PostgreSQL vs. MySQL
PostgreSQL and MySQL are open-source, relational database management systems known for their speed. They support similar syntax and many of the same languages, but there are some key differences. For example, PostgreSQL is known for robustness and scalability, while MySQL is known for speed and ease of use.
MySQL is owned by Oracle Corporation (after they acquired Sun Microsystems in 2010) and offers several paid editions. PostgreSQL remains 100% open-source, and licenses are released under the PostgreSQL license.
There are several high-level differences between PostgreSQL and MySQL.
- MySQL is considered a purely relational database, while PostgreSQL is an object-relational database system.
- MySQL is considered “partly SQL-compliant” because it does not support all SQL features. PostgreSQL is more compliant than MySQL, supporting almost 90 percent of the primary SQL features.
- PostgreSQL is fully ACID compliant, while MySQL is ACID compliant only with the NDB and InnoDB storage engines.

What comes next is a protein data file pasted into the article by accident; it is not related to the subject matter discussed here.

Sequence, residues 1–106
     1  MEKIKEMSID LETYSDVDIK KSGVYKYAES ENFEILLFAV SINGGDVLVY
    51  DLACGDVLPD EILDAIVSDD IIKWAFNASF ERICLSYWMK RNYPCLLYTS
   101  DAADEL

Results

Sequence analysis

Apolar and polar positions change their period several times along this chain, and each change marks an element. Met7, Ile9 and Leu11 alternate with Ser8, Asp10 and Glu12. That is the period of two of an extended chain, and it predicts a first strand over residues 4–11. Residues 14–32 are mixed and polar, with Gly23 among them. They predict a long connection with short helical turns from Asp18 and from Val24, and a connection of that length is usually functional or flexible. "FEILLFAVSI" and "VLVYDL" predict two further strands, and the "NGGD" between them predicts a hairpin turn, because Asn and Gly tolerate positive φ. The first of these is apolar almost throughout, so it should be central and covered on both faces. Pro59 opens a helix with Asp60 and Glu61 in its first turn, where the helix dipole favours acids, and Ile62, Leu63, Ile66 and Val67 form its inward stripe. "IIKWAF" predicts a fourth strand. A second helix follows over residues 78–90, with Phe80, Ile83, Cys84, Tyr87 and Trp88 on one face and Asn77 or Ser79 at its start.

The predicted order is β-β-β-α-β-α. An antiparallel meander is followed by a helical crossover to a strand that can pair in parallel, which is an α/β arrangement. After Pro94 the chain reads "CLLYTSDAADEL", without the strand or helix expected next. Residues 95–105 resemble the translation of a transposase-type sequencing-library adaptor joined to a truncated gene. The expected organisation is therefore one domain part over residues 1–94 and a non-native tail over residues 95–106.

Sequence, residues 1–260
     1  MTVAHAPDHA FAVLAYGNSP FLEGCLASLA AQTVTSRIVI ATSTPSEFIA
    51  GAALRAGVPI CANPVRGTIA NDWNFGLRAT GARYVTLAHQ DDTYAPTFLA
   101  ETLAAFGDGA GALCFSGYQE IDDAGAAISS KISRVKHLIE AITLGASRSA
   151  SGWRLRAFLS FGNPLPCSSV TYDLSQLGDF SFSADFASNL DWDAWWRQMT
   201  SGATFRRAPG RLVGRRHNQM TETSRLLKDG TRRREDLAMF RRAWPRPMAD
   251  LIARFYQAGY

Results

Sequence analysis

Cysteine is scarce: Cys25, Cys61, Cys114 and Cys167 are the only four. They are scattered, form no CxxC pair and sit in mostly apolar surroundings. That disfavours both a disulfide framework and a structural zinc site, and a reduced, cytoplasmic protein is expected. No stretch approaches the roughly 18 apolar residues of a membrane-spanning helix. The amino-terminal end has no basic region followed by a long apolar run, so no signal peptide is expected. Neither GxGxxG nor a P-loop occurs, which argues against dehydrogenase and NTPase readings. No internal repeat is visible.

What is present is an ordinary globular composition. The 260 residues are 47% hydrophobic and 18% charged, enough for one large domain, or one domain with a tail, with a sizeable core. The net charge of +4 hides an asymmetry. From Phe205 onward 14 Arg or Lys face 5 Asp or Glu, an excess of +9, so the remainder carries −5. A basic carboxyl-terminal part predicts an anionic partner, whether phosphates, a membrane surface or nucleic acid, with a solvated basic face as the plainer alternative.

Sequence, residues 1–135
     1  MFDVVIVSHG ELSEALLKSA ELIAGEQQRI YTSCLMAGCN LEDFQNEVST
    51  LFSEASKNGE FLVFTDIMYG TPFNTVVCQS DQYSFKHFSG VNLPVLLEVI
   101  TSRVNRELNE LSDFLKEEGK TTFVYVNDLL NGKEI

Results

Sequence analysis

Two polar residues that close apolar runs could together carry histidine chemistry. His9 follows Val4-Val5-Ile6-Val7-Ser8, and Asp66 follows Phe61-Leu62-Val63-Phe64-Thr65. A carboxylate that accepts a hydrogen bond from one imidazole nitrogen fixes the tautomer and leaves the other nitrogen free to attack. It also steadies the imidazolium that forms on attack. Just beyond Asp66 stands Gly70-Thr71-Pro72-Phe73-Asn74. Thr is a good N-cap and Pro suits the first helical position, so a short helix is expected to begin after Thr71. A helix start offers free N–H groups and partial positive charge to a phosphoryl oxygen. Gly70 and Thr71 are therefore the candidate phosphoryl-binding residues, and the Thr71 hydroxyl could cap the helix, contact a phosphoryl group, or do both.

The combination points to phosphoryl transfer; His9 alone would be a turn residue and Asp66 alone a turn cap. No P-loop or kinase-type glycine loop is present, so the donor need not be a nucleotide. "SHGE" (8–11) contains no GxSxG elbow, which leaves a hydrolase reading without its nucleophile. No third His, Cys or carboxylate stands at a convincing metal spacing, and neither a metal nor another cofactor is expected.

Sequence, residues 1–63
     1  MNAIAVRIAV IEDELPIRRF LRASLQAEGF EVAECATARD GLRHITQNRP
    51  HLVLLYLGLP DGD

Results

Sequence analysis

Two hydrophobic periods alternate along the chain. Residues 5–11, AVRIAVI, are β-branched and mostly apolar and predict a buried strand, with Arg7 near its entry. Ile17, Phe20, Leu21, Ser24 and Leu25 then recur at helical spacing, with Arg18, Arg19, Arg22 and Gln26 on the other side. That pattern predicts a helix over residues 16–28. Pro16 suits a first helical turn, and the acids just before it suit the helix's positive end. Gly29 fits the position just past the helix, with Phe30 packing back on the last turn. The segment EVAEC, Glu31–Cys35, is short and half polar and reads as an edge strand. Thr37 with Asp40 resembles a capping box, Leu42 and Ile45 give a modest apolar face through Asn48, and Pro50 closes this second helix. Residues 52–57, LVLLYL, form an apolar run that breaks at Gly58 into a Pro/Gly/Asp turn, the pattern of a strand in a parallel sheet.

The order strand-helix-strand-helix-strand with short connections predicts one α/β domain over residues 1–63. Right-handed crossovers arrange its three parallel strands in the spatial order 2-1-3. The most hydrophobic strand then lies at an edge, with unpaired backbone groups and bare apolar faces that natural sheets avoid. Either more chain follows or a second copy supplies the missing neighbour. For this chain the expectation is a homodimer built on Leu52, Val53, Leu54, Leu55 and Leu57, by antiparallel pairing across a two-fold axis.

- PostgreSQL supports many advanced data types that cannot be used with MySQL, including network address types, native UUID, and timezone-aware timestamps.
- PostgreSQL and MySQL support replication, PostgreSQL offers synchronous replication, while MySQL offers one-way asynchronous replication.
- PostgreSQL and MySQL work well with BI (Business Intelligence); however, PostgreSQL is also well suited for data warehousing and data analysis applications where fast read-write speeds are needed.
- MySQL performs well in systems where only read speed is important, but PostgreSQL works best in systems which demand the execution of complex queries.